Robert Koch (Extension Entomologist), Ian MacRae (Extension Entomologist), Bruce Potter (Extension IPM Specialist), and Phil Glogoza (Extension Educator – Crops)

By now you should be scouting your soybean fields for soybean aphid on a regular basis.  Soybean aphid can be found in most fields throughout the state and populations have reached economic threshold (250 aphids per plant) in some fields in northwest Minnesota and have require insecticide application to protect soybean yield.  In northwest Minnesota (especially around Norman County), applications of pyrethroid insecticides are failing to adequately control aphid populations in some, but not all, fields.  

Thursday, July 20, 2017

The Dicamba Dilemma: Facts and speculations

Used with permission by Aaron Hager, University of Illinois

dicamba-injury-soybean
Dicamba injury to soybeans in a southwestern Minnesota field. Photo: Stephan Melson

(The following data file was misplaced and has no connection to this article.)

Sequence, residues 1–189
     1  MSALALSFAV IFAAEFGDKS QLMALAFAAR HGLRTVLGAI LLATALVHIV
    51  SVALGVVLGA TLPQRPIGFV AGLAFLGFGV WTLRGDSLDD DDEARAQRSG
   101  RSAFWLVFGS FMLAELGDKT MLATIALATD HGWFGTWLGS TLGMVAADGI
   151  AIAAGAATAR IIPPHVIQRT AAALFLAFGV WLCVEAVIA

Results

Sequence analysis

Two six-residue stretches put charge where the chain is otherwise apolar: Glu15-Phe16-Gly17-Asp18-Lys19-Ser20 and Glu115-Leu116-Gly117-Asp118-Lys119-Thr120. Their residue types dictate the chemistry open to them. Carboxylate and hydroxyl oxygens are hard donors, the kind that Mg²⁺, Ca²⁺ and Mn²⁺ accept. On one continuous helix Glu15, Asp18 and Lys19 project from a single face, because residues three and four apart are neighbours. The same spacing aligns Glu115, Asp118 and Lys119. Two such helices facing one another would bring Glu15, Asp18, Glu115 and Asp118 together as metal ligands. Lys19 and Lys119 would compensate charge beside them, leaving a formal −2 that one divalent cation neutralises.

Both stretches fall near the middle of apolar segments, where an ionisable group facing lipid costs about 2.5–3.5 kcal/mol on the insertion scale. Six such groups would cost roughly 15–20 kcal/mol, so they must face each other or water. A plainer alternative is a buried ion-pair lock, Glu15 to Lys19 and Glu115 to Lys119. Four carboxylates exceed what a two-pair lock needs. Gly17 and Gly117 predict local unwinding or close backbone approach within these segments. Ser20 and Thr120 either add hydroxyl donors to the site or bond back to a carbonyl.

Dicamba injury to non-target crops has dominated Extension discussions this week. Non-tolerant soybeans are extremely sensitive to this chemical and damage has been reported in a number of fields throughout the state. The following article by Dr. Aaron Hager at the University of Illinois echoes observations we have been making in Minnesota and summarizes injury symptoms on soybean, possible routes of exposure, and potential yield effects. His article is reprinted in its entirety:

Wednesday, July 19, 2017

Herbicide Mode of Action and Crop Injury Symptoms at the University of Minnesota Field School for Ag Professionals

by Dave Nicolai, IAP Program Coordinator

This year at the Field School, participants will have two opportunities to learn, re-learn or fine-tune their skills in linking visual symptomology to the common herbicide modes of action commonly used in corn and soybean and gain in-depth knowledge of growth regulator herbicide movement and symptomology in soybean.

Weed management has changed dramatically in recent years. The large number of herbicide options—new products, old products with new names, new formulations of old products, premixes, and generics—can make weed control appear to be a difficult and confusing task. Knowing and understanding each herbicide’s mode of action is an important step in simplifying and selecting the proper herbicide for each crop, diagnosing herbicide injury, and designing a successful and durable weed management program for a farmer’s production system.

Tuesday, July 18, 2017

Lunch and Learn Webinar: Managing Ash Content in Hay

Krishona Martinson - University of Minnesota